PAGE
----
Mixed Quality of the Measures

Another limitation is that although most of the measures in these studies have been widely used and appear to have sound psychometric properties, several of our measures related to NWIC trainings were based on participants’ responses to single items. It is clear that these simple measures cannot adequately capture the complexity of constructs such as pre-training competence. Similarly, although the lack of differences in training-related outcomes across CME and CMHC states suggest that workforce development is not a primary driver of differences in implementation outcomes, it is possible that more comprehensive workforce development measures would have revealed different findings.

Endogeneity

Since the data that were analyzed in this set of studies were gleaned from a practice setting, our ability to control for confounding factors, as well as our ability to identify explanatory variables, was limited. Indeed, as noted throughout the discussion section of this article, the current study provides preliminary evidence that outer setting structures influence implementation fidelity among Wraparound service providers. However, the study is limited by the fact that we were unable to fully explore the mechanisms through which the impact of administrative structure operates. This resulted in an endogeneity problem in our statistical models as we were unable to include many of the variables that would explain the variance in fidelity scores across CME and CMHC structures. Thus, as noted above, alternate explanations for the differences across structures are possible—for example, CMEs may have been more successful than CMHCs in recruiting experienced staff, or they may have had better systems in place to facilitate staff supervision. While a limitation in the current analysis, this problem can facilitate future research based on a more structured design that can specifically examine the mechanisms underlying the differences in fidelity outcomes observed across CME and CMHC structures.

Implications and Future Directions

One implication of this study is that states interested in implementing Wraparound with fidelity might be well-served to use CMEs, and enact the requisite policy and fiscal changes that must accompany them. However, as noted in the introduction of this article, outer settings are typically difficult to change. States that currently rely on CMHCs to deliver intensive care coordination may be challenged to abandon current administrative structures in favor of a CME-based system. Thus, it seems essential to learn more about the mechanisms through which CME structures encourage and support Wraparound implementation with the goal of promoting such innovations across provider contexts as a way to encourage high-quality, model-adherent implementation.

Given the same training and coaching efforts yielded inconsistent results across CME and CMHC states, along with the immediate differences in fidelity scores across administrative structures, a second implication is that workforce development efforts alone are unlikely to be sufficient to support EBT uptake. This is not surprising, as recent theoretical models of implementation have proposed numerous inner and outer setting variables that are thought to either promote or inhibit successful implementation efforts (Aarons et al., 2014; Damschroder et al., 2009, 2011; Fixsen et al., 2005, 2009). As suggested by Bond (2018) and others (Rieckmann et al., 2011), specific policy levers, such as funding incentives and establishment of state and local technical assistance entities, may help achieve and maintain successful implementation. Within organizations, leaders can introduce new management strategies, such as quality monitoring, increased use of data systems, and an intentional focus on continuous quality improvement (Powell et al., 2012).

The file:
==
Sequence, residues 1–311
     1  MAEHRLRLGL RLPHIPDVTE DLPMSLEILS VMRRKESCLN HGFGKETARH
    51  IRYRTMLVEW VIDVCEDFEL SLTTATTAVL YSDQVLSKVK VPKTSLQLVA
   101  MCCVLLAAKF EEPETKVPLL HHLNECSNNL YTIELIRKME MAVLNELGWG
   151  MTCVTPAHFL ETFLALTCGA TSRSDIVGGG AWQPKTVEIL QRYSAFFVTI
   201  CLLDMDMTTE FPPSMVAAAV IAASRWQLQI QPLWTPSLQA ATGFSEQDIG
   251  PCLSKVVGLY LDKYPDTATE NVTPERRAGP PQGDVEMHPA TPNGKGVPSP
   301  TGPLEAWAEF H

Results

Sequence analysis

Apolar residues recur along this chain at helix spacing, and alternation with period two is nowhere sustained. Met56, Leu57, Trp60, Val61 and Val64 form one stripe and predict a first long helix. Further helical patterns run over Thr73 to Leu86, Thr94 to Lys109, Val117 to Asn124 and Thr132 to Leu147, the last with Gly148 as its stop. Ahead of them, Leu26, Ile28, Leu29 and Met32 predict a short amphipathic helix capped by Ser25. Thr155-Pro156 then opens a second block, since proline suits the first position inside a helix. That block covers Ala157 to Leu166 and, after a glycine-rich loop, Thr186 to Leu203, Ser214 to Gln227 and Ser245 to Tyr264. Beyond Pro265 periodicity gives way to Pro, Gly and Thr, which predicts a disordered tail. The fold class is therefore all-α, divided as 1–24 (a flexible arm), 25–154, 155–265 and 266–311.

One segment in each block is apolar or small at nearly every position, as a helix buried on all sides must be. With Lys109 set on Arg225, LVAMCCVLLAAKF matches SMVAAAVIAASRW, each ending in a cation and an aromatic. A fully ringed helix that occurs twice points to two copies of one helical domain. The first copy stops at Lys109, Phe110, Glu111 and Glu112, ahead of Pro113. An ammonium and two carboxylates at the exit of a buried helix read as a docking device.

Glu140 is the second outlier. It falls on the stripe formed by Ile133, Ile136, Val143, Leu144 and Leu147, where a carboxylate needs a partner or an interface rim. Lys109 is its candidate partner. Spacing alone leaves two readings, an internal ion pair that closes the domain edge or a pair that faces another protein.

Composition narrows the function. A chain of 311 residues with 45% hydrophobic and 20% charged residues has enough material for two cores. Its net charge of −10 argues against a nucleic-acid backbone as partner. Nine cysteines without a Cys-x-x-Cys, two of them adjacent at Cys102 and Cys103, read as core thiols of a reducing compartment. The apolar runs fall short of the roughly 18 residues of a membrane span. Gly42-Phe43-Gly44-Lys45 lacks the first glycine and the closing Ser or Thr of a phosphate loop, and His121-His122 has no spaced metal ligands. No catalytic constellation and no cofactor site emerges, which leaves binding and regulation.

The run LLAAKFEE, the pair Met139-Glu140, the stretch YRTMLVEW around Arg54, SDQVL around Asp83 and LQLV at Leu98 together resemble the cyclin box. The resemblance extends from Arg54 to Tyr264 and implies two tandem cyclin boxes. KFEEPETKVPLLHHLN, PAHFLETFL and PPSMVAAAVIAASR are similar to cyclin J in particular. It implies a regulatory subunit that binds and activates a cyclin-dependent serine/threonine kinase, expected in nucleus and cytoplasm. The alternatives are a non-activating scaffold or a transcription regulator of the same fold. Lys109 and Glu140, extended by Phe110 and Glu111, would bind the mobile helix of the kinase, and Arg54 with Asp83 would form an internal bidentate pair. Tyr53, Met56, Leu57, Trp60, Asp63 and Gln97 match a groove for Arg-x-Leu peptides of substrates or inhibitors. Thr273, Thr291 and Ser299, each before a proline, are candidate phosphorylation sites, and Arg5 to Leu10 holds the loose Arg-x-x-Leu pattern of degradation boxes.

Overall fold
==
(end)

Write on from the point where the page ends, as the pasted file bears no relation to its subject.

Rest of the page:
At the highest level, the current study reinforces the need to not only consider installation of evidence-based practices but also to focus on evidence-based policies. It has now been empirically documented that the research base on the outer context is miniscule compared to studies of organizations and individuals (Lewis et al., 2015; Purtle et al., 2016). Continuation of this trend will only preserve the status quo, in which research-based practice represents a fraction of all services delivered in behavioral healthcare (Bruns et al., 2015). As implementation researchers continue to broaden their focus to examine the unique interactions across inner and outer settings, we will become better positioned to implement comprehensive, coordinated systems capable of supporting youth and families with complex needs.

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Olson, J.R., Azman, A., Estep, K.M. et al. Influences of Inner and Outer Settings on Wraparound Implementation Outcomes. Glob Implement Res Appl 1, 77–89 (2021). https://doi.org/10.1007/s43477-021-00008-1

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Keywords

  • Outer settings
  • Wraparound
  • Implementation
  • Fidelity
  • Behavioral health